Landmarks, Dallas County, Texas, 1901-1902

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LANDMARKS, 1901-1902



Various Treatments Subjected to
while in Preparation for the



One of the Largest in the State and One of the
Most Important Manufactories in
Dallas, Representing an Out-
lay of Considerable

     The brickyard of J. M. Harry & Co., one of the largest of its kind in the state, is situated three and a half miles west of Dallas on a branch of Texas and Pacific Railroad. The plant represents an outlay in capital of seventy-five thousand dollars and occupies over fifty acres of ground. Work is given seventy-five men in the different departments, the salaries paid them amounting to over fifty thousand dollars annually. Over twelve thousand dollars a year are paid out by the company to surrounding farmers for wood.
     Between twenty and thirty thousand barrels of oil is consumed by the plant annually, it naturally being purchased in the state.
     With an expenditure of thousands of dollars a year, this company is one of the main supports of Dallas, as with the exception of machinery, they purchase everything they need from local sources, besides putting in circulation the money paid in salaries.
     The output of this plant ranges from 15,000,000 to 23,000,000 brick per years, or 60,000 every ten hours, the output, of course, being regulated by the demand. During the past year, the output was far in excess of any previous year, it being like everything else in Dallas, affected by the vast progress made by the community.
     The shale and clay from which the brick are made lies in stratas closely resembling slate, it being of three different kinds and colors, red, yellow and blue clay. The varieties are found in patches of considerable area, and in some instances, all three are blended. In the manufacture of brick, the red variety is more preferable, as it is easily moulded and is stronger than the others, although good brick is made from the other two kinds.

The brickyard, as shown on the
Sam Street map of Dallas County, 1900

     The land owned by the company has a practically unlimited supply of clay, it being contained to a depth of four hundred feet.
     The making of brick requires a great deal of skill and patience, the work being tedious and of long duration; it taking several weeks from the time the clay is stored, until it is burned and ready for the market.
     In preparing the land to remove the clay from it, the first strata of soil is removed by scrapers laying bare the clay deposit. It is then harrowed over by disc cultivators, the clay shoveled into wagons and carted into the storage sheds for treatment.
     The material, to be property prepared, has to remain fully a month in covered sheds, so as to give ample time for the moisture in the different stratas to penetrate and mingle, naturalizing throughout. A certain amount of dampness is required for the proper molding of the clay when it reaches the machinery.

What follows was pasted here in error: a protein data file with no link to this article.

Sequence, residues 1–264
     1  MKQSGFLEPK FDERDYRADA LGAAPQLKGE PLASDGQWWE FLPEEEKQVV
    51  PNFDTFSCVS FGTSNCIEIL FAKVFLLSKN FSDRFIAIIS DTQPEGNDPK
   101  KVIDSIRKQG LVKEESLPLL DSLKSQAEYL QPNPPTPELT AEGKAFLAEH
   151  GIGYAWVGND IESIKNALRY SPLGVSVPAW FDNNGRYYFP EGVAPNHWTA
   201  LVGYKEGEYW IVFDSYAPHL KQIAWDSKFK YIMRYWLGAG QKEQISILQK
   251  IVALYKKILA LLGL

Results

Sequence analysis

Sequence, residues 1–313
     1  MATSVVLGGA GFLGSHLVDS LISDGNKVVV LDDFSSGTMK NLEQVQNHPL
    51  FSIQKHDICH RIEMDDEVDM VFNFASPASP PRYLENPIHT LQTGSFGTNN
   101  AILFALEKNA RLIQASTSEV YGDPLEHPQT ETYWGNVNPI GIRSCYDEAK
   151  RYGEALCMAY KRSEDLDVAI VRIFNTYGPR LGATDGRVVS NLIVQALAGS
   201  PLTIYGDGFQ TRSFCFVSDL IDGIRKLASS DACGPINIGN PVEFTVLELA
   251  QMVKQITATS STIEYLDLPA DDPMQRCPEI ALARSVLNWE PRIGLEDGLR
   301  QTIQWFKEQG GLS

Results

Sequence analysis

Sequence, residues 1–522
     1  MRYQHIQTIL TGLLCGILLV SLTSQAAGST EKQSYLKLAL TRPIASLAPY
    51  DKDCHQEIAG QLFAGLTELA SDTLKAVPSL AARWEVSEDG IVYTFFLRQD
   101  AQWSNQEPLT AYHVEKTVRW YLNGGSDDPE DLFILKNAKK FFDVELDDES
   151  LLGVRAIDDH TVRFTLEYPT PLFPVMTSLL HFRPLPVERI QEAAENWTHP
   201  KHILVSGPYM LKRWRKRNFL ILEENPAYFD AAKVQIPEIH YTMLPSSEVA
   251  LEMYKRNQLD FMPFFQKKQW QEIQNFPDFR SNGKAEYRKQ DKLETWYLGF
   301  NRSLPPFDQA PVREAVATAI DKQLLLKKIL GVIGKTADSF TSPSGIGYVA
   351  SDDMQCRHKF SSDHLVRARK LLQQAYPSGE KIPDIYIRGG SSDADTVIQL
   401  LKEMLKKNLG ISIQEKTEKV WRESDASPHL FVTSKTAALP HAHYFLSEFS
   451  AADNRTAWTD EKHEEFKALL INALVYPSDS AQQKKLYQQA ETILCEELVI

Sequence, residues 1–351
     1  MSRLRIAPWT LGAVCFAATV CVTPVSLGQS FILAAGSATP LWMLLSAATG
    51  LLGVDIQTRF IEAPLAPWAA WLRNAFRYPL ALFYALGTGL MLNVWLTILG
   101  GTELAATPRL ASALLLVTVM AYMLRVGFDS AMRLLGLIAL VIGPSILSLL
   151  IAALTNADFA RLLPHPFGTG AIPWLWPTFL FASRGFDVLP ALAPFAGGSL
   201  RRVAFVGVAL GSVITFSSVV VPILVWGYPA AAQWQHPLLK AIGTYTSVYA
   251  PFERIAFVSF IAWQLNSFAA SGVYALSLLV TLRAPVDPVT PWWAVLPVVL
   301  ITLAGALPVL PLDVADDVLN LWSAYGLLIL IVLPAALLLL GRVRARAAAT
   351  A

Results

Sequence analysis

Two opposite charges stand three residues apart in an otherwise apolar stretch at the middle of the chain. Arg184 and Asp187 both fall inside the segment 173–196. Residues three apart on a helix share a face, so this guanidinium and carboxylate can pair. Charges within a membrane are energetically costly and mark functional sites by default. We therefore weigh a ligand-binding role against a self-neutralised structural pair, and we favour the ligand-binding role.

When the clay is deemed of suitable age, it is then carried from the sheds to the crushers, where it is powdered finely, and carried by means of endless elevators above to the screens. The fineness of the clay is regulated by the screens, which are set on an incline, lumps of clay not properly ground returning by way of a shaft to be recrushed, while the powder is carried into bins above the moulding machines. From the bins, the powdered clay is dropped through canvas pipes into the moulds, where mechanical pressure is applied, and the clay turned into bricks. From the moulds, the bricks are carried away on barrows to the kilns to be burned.
     On reaching the kilns, the bricks are piled in rows about seventeen feet high and forty inches wide, leaving several inches between the rows of brick to allow the heat to circulate when the fire is applied. Between each row of brick, the wood fire is built for the water smoke treatment, as it is called. Surrounding the space occupied by the green bricks are stationary walls containing doors at the required intervals and leading into the alley ways built of the unburned brick. When the kilns are piled full of brick, each containing two hundred thousand, a tier or two of burned brick is laid over the others and the fire applied. First, the wood is burned under the brick ten days to evaporate the water contained in the brick, and when considered perfectly free from any moisture, jets of oil are lighted and the brick subjected to a greater degree of heat for about five days, after when, they are allowed four days to cool. After cooling, they are stored away, ready for shipping.